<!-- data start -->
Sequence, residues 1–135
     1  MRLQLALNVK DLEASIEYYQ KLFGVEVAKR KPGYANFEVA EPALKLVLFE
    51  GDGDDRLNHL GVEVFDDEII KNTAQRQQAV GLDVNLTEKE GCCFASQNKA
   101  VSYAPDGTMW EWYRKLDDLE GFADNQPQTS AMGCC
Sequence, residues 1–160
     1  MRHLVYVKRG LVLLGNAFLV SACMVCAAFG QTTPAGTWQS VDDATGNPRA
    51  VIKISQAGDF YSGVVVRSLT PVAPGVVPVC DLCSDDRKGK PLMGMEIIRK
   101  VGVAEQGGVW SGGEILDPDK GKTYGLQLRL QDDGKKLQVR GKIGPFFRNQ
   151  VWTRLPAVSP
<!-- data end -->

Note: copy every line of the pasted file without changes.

Sequence, residues 1–135
     1  MRLQLALNVK DLEASIEYYQ KLFGVEVAKR KPGYANFEVA EPALKLVLFE
    51  GDGDDRLNHL GVEVFDDEII KNTAQRQQAV GLDVNLTEKE GCCFASQNKA
   101  VSYAPDGTMW EWYRKLDDLE GFADNQPQTS AMGCC
Sequence, residues 1–160
     1  MRHLVYVKRG LVLLGNAFLV SACMVCAAFG QTTPAGTWQS VDDATGNPRA
    51  VIKISQAGDF YSGVVVRSLT PVAPGVVPVC DLCSDDRKGK PLMGMEIIRK
   101  VGVAEQGGVW SGGEILDPDK GKTYGLQLRL QDDGKKLQVR GKIGPFFRNQ
   151  VWTRLPAVSP